But what the hell? That's all about me and my BS. What about the book? As Robinson says in his intro, he knew he could write better than the dreck in the early 70s SF mags and since you write about what you know, he wrote about drink. He undersells it, though. He doesn't just write about drink, but about the communities/churches/support groups/world-saving accidental cabals that can grow up in particular pubs or taverns, where everybody knows your name (see, I said so), and where all it takes is one shattered glass in the fireplace and a single toast spoken aloud to none and all to elicit a story of lost love, time travel, the tragedy of immortality, or the looming threat of invasion from outer space. It really is worth a visit - drinks are just a buck, and the feel of tossing that glass and hearing it vanish into splinters is worth more than that....more
Holy cow! (no pun intended) I had no idea what a deep impression these talking-animal, satirical superhero comics made on adolsecent me until I read tHoly cow! (no pun intended) I had no idea what a deep impression these talking-animal, satirical superhero comics made on adolsecent me until I read this collection. I remember covers, gags, even the layouts of entire pages, from the all too short life of the series. A lot of the references were pretty topical, of the times for the early 80s, but I remembered almost everything the pop culture jokes were about and understood far more of the writing than I did as a kid. ...more
Solid collection that demonstrates Wilson's multiple skills as a cartoonist, a writer of short fiction, and a reviewer of Lovecraftian fantasy. I thinSolid collection that demonstrates Wilson's multiple skills as a cartoonist, a writer of short fiction, and a reviewer of Lovecraftian fantasy. I think his cartoons for Playboy are better overall, but these are still pretty darn funny and dark, and the prose reveals a side of Wilson I hadn't yet seen....more
I had hoped for a fun reboot of a vaguely remembered gimmick comic from my childhood and instead got this coffee can full of dog poop. Instead of usinI had hoped for a fun reboot of a vaguely remembered gimmick comic from my childhood and instead got this coffee can full of dog poop. Instead of using the in-story trope of a magic Little Orphan Annie decoder ring to milk proto-fan fiction for new commercially viable if pun-based characters, and cracking up the 10-year old iteration of the reviewer in the process, this book attempts to explain the cosmology of how the decoder rings (aka "dials") work and succeeds only in creating a comic that is a chore to read. What I found only slightly less comprehensible than the story arc and much of the artwork was the fact that the author is a writer of such repute that he has been awarded a PhD, along with the World Fantasy, Hugo, and Arthur C. Clarke Awards! ...more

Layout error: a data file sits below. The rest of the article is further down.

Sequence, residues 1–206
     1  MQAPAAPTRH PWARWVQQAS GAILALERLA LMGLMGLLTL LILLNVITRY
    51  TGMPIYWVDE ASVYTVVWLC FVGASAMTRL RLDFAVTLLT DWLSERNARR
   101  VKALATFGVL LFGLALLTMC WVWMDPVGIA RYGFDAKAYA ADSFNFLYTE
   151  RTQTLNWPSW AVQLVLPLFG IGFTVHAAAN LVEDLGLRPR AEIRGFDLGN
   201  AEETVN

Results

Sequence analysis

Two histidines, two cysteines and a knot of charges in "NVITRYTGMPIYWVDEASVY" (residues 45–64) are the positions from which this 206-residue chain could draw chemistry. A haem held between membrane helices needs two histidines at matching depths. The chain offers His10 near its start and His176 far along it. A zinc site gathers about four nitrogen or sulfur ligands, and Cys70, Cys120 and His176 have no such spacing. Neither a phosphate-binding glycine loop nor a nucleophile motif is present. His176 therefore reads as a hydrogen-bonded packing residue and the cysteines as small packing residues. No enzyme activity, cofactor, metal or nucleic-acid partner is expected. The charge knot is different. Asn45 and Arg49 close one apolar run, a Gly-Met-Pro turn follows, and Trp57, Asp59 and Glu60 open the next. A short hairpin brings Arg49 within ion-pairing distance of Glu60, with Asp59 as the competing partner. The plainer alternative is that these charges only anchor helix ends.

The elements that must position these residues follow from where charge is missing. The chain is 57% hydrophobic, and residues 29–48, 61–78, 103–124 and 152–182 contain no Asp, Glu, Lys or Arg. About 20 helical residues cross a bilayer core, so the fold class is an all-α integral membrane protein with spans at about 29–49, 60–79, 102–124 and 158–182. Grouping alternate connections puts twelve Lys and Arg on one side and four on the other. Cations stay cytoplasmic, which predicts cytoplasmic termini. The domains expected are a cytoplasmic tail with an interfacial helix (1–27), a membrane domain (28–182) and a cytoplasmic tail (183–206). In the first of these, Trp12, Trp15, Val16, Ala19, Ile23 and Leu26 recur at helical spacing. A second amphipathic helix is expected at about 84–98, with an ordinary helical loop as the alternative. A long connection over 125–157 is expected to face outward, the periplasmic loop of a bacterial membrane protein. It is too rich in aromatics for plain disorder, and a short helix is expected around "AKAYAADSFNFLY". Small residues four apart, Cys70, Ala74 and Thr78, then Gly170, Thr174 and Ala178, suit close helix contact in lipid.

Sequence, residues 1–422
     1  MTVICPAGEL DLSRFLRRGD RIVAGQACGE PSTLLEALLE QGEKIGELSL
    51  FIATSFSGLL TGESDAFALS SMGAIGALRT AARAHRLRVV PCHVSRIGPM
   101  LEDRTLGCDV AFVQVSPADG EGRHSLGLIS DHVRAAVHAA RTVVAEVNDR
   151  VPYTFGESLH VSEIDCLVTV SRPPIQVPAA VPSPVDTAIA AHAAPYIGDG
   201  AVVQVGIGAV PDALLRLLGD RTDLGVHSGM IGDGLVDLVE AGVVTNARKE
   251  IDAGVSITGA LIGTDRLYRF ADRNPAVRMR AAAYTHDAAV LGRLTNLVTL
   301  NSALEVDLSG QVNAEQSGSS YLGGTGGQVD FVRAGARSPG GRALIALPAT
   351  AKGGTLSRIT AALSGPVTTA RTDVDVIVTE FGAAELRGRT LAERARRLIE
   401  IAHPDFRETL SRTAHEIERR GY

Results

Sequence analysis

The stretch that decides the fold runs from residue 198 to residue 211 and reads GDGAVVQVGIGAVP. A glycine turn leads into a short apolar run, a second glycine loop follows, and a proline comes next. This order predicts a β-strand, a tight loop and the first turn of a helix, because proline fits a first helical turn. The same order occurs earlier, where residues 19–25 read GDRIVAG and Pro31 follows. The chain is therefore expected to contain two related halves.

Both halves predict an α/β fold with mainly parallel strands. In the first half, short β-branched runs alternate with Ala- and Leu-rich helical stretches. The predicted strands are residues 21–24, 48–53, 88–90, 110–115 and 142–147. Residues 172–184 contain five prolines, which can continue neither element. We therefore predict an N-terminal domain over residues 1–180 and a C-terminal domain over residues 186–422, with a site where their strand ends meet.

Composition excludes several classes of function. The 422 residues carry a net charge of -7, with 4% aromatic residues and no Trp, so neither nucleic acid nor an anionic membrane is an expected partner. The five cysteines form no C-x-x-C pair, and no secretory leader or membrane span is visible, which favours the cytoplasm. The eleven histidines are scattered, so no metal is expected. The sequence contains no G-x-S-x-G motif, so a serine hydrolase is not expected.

I've known about this book since I was a kid, and chances are good that I even saw a live performance of this whilst visiting Silver Dollar City/BransI've known about this book since I was a kid, and chances are good that I even saw a live performance of this whilst visiting Silver Dollar City/Branson, MO/The Ozarks as a small child. I have vague memories of seeing a live stage performance of some kind there, and I'm thinking it was either this or the Passion Play at the Christ of the Ozarks.
How you could mix this up with anything else is beyond me, but I was a toddler at the time, so give me a break.